Shane Chisholm upstanding in his field

Shane Chisholm performs hard-to-pigeon-hole music on one-of-a-kind “recycled” instruments — and does it all in his own inimitable style.

Shane Chisholm performs hard-to-pigeon-hole music on one-of-a-kind “recycled” instruments — and does it all in his own inimitable style.

The 45-year-old Red Deer-based roots artist has won four Canadian Country Music Awards for his finger-picking prowess.

Two of the awards were for playing the standard bass guitar. The other two were for plucking the strings of a stand-up gas tank bass — a custom instrument he made with the gas tank from a Chevy Astro Van.

Chisholm admitted he’s always been environmentally conscious — and inventive. “I like the challenge of making things out of things that are being thrown out.”

While scouting for car parts in a wrecking yard, he spotted a metal gas tank roughly the same size as the body of a stand-up acoustic bass.

He’d been teaching himself to make his own instruments but wasn’t particularly eager to “whittle 110 pounds of wood down to 15 pounds” to make a conventional stand-up bass. “It was making too much of a mess,” he recalled.

Suddenly a lightning bolt of an idea struck him: Why not skip all the whittling and bring out a drill and some screws instead?

Chisholm attached a wooden neck and strings to the metal gas tank. He made some acoustic adjustments to its metal interior to achieve a richer tone. “It took me two weeks to build, then two years to make it sound good,” said the avant-garde luthier.

While he isn’t giving any of his manufacturing secrets away, he added music production people have expressed surprise about how good it sounds.

Other musicians have noticed too. So far Chisholm, who recently moved to be with his girlfriend in Central Alberta from Claresholm, sold five of his gas tank basses — including one that raised $5,000 for the Make A Wish Foundation.

He also created three upright basses from pots, pans and salad bowls from Ikea, stacked to resemble a certain large hockey trophy. And he’s made a guitar from a corn broom.

Chisholm’s weirdest music-making contraption is called The Grinder. It’s a steam-punk novelty made from a pitch-shifting device musicians use to digitally alter their instruments’ sounds. His decked-out Grinder makes a three-octave whine like no other.

“I always think it sounds like whales (procreating),” he said, with a laugh. “I was trying to make it sound as annoying as bagpipes…”

As for the folks who think you can’t make music from odds and ends, Chisholm said, “I don’t listen to those people. I’m not much into reason. I just follow my heart.” And “taking my hobby to work” has meant that Chisholm gets to enjoy making music on some mighty unique instruments.

The musician, who relocated to the wide Alberta Prairie from Sault Ste. Marie, Ont. two decades ago, was also named the very first Male Artist of the Year by the Alberta Country Music Association in 2011.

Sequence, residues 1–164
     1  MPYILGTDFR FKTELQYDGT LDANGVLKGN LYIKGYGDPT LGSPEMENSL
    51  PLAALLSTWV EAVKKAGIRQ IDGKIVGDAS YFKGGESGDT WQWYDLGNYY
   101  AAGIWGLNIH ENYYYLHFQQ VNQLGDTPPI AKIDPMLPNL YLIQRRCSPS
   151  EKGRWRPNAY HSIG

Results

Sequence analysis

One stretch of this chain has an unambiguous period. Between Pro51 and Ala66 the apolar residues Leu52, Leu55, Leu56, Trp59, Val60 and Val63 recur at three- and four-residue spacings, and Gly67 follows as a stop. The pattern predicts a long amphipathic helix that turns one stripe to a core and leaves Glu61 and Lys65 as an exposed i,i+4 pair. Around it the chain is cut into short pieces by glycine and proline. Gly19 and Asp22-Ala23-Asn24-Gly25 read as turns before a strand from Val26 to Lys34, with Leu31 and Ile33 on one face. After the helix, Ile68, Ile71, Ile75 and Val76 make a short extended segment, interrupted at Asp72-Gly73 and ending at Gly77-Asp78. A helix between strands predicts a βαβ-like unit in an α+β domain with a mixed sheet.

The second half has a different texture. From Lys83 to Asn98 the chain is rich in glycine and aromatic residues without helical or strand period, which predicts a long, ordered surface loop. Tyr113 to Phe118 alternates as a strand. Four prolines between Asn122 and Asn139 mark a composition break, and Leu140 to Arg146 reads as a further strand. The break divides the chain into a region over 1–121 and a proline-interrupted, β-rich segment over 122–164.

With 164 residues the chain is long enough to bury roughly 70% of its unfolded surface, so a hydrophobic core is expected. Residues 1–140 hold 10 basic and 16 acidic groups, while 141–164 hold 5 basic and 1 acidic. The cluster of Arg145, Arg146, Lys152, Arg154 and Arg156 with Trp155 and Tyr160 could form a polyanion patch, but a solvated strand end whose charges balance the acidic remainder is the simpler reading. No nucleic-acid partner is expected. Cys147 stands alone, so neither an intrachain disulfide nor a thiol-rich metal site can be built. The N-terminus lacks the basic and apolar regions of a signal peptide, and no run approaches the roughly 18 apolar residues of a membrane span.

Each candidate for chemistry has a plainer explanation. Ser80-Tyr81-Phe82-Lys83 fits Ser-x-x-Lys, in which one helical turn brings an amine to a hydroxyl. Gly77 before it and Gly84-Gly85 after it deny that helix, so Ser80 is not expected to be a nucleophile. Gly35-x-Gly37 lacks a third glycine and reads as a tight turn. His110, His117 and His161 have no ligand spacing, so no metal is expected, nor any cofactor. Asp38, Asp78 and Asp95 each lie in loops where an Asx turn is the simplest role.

Besides winning his four instrumental CCMAs, he was also nominated, along with Corb Lund, for CCMA Roots Artist three years running — and was beaten out by the better-known Lund each time.

Chisholm isn’t a standard country guy. His tunes includes folk, blues, bluegrass, honky tonk and rockabilly elements.

“They call me a roots artist — which basically means non-commercial. They can’t sell you,” he added, with a chuckle.

However, anyone who’s checked out his engaging, high-energy live shows — which have involved Chisholm stunting BMX-style on his bass — will see why he was hired to back many Canadian country singers over the years, including George Canyon, Jimmy Rankin and Duane Steele.

“I aim to really entertain an audience, and you have to have showmanship to be entertaining,” said the performer, who was also part of a “variety show” that toured Canadian entertainers to the Persian Gulf and Afghanistan to entertain Canadian Forces troops.

“We got rocket attacked while we were playing (in Afghanistan),” Chisholm recalled. “After that we said, ‘I guess the Taliban doesn’t like country music …’”

These experiences instilled in him a deep appreciation of Canadian Forces soldiers, whom he continues to recognize with yellow banners on his albums.

Most recently Alberta floods inspired his third album, Blow Away, which will be released in January. The new album follows his 2009 debut release, Hitchhiking Buddha, which featured the single Kickin’ Up Dust — which charted at No. 16 in Australia, and his second album, No One Came from 2012.

Chisholm said the title track for Blow Away was sparked by the frustration of his former brother-in-law lost his High River home to rising flood waters in 2013. “I use a lot of metaphors. It’s about being blown away by whatever — about letting the wind take away your troubles…”

The new song Float is about turning negative feelings around to positive ones. But Chisholm has also included a couple of irreverent songs on the release — including If Jesus Was A Canadian.

“In our depiction we thought, wouldn’t it be funny if Jesus was born in Canada?” said Chisholm, who goes through the different regions to describe what the Son of God would be like if he hailed from Atlantic Canada or the West Coast. Prairie Jesus would stop the flood waters and turn overflowing rivers into beer. “To save dear Alberta, he’d raise Ralph Klein from the dead.”

Chisholm, who gives private instruction to students on guitar and bass in Red Deer, has learned to listen to his own sensibilities when he writes music. “I was once listening to the wrong people, and doing things that didn’t feel right, and I could see it wasn’t getting me to where I wanted to go…

“You’ve got to stay true to who you are and stay on your own path…”

And if that musical path includes some highly idiosyncratic instruments and some unique sounds — so much the better.

lmichelin@bprda.wpengine.com

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